These are some of the materials we used in today's class about Othello, Venice and the clash of Civilizations in Shakespeare's tragedy:
Friday, 25 November 2016
Sunday, 20 November 2016
Video included in the online course "Shakepeare and his world" by Warwick University
Wednesday, 2 November 2016
“If they banished you from your country, where would you go? Would you like to find a nation as barbarous as yours who would spurn you like dogs?”
This does not come from Amnesty International, nor from Unhcr. This is William Shakespeare 400 years ago, in a passage from the historical play “The Book of Thomas Moore”. The fragment has been digitalized by the British Library and is one of the few manuscripts we have in Shakespeare’s own hand. It is part of a play written by different authors based on the life of Henry VIII’s chancellor, Sir Thomas More . The play dates presumably back to around 1600 but it was censored and never staged for fear of further disorders in London due to the theme it dealt with.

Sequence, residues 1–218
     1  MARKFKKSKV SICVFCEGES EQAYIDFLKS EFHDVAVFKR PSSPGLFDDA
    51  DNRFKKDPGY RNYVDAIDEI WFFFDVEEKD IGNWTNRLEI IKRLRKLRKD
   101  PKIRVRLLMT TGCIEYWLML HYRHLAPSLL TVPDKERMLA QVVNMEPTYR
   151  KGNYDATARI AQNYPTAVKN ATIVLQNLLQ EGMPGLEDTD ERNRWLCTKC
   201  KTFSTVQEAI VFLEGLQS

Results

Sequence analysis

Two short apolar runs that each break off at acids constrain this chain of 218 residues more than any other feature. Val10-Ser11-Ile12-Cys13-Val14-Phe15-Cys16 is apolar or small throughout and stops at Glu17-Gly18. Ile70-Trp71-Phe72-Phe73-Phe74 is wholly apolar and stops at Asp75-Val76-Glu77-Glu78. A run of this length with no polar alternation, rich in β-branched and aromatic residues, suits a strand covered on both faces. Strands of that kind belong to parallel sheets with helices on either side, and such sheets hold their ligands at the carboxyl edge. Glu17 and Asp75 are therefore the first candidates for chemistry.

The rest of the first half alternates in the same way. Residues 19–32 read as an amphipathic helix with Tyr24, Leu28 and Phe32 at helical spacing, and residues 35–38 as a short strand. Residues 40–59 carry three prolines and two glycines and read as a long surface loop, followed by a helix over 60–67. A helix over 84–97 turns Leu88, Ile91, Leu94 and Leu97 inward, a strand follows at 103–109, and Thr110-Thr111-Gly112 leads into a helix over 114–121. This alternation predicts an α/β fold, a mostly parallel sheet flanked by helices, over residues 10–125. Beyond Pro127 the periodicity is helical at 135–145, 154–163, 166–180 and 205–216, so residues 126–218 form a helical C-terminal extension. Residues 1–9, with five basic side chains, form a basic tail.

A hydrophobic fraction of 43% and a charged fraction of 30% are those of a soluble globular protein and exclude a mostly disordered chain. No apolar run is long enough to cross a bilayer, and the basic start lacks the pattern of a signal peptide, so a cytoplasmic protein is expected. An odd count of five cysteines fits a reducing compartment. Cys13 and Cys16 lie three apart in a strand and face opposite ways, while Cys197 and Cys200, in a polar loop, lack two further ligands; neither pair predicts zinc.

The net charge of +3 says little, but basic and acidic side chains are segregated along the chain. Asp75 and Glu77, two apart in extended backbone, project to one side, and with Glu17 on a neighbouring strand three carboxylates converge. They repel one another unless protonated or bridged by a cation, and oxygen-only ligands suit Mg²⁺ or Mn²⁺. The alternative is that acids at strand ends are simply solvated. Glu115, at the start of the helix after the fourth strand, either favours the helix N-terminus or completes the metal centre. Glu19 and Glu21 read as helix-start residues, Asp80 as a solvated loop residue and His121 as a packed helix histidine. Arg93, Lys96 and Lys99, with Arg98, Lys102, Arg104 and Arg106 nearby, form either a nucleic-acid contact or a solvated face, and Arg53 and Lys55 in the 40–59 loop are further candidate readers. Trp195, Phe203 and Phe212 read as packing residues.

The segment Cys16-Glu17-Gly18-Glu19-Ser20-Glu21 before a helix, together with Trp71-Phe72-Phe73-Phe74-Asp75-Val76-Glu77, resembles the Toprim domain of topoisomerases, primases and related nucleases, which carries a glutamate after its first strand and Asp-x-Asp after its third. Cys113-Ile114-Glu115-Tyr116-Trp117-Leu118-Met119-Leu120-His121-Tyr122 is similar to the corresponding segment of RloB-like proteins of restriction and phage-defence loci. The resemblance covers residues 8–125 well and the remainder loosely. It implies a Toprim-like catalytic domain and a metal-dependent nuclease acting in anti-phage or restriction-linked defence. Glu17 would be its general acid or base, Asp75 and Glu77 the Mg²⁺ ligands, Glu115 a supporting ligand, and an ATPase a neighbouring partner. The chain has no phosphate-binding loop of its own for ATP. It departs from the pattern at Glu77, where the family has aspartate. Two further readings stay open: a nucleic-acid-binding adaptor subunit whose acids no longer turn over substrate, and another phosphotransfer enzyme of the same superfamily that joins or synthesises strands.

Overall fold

|Sir Thomas More (1478 - 1535)|
It is not only a historical literary important discovery, but also a socially important message which comes right in a time when those words are relevant and painful. The tragedy of the migrants and refugees is an open wound in nowadays Europe, characterized by the fear of the foreigners and the misery of the newcomers.
In the play, set in 1517, Thomas More as the Sheriff of London, speaks to the crowd enraged against the migrants, merchants coming from the North of Italy, whom they accused of wanting to steal their jobs and money. Doesn’t this sound very familiar and contemporary? Haven’t you heard this refrain in the media?